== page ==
Valerian (Valeriana officinalis, Caprifoliaceae) is a perennial flowering plant, with heads of sweetly scented pink or white flowers that bloom in the summer and can reach a height of 1.5 metres (5 ft). Valerian flower extracts were used as a perfume in the 16th century.
Native to Europe and parts of Asia, valerian has been introduced into North America. The flowers are frequently visited by many fly species, especially hoverflies of the genus Eristalis. It is consumed as food by the larvae of some Lepidoptera (butterfly and moth) species including the grey pug.
Other names used for this plant include garden valerian (to distinguish it from other Valeriana species), garden heliotrope (although not related to Heliotropium), setwall and all-heal (which is also used for plants in the genus Stachys). Red valerian, often grown in gardens, is also sometimes referred to as "valerian", but is a different species (Centranthus ruber) from the same family and not very closely related.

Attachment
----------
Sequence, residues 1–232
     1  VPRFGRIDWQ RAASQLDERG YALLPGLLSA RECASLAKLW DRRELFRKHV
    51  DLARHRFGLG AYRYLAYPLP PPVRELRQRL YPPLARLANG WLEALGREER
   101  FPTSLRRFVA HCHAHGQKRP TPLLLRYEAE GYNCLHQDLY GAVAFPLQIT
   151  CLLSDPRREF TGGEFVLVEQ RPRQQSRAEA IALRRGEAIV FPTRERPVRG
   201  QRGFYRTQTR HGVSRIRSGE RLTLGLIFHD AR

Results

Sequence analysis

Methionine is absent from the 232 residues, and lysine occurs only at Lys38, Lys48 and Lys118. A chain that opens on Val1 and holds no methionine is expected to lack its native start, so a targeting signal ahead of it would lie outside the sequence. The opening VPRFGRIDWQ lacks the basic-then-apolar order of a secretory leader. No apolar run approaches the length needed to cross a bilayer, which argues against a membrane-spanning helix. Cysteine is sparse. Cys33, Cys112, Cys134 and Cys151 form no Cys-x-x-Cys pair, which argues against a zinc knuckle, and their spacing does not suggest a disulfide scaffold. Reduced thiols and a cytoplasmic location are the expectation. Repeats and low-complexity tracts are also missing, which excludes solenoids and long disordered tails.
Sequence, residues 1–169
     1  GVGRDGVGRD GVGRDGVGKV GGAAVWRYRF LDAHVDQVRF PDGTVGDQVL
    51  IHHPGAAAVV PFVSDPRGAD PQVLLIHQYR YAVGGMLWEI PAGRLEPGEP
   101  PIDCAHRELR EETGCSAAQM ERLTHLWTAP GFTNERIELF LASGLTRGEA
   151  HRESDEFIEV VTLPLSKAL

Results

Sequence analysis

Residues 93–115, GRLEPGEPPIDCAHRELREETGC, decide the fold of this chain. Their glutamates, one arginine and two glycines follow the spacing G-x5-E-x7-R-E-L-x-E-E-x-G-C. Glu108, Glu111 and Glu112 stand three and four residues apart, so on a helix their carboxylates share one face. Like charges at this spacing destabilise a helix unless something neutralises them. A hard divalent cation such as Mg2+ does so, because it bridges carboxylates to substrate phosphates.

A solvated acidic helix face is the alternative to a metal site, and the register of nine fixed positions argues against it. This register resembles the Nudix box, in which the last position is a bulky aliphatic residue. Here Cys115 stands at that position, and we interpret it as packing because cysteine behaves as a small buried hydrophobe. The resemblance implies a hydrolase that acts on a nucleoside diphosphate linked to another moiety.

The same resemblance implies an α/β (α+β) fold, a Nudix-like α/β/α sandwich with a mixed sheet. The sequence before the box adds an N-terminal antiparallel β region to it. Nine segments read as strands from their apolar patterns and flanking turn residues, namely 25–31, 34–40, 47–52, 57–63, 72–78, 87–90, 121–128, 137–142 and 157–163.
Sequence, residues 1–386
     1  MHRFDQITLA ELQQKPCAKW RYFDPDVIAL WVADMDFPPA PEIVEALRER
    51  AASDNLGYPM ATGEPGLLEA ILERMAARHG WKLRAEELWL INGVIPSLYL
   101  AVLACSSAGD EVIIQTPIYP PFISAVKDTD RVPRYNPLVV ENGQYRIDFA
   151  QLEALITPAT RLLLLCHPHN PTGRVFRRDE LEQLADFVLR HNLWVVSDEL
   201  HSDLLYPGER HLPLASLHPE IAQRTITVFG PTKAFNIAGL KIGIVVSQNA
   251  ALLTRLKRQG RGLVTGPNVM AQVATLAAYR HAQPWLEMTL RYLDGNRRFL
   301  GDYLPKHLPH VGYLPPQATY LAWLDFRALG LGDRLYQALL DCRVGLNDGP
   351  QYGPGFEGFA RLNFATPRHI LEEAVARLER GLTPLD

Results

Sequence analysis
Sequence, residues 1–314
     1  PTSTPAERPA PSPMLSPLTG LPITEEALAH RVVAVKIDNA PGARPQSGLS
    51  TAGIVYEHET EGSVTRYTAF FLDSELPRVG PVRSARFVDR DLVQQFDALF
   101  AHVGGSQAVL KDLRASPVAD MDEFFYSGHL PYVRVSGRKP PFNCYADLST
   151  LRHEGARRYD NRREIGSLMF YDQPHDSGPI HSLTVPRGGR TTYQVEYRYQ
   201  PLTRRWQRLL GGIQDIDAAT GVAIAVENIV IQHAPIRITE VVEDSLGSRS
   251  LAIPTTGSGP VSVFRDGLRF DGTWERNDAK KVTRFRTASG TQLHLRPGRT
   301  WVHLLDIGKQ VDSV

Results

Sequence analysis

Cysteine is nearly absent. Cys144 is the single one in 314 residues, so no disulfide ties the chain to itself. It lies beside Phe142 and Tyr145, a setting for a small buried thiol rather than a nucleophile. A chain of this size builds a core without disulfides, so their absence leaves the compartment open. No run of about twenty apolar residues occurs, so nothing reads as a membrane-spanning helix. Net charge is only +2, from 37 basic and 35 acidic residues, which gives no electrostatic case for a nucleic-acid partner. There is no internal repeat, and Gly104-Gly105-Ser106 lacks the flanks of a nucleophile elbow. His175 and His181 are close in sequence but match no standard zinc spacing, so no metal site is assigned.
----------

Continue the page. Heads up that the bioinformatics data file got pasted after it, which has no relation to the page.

Crude extract of valerian root is sold as a dietary supplement in the form of capsules. Valerian root may have sedative and anxiolytic effects.
The amino acid valine is named after this plant.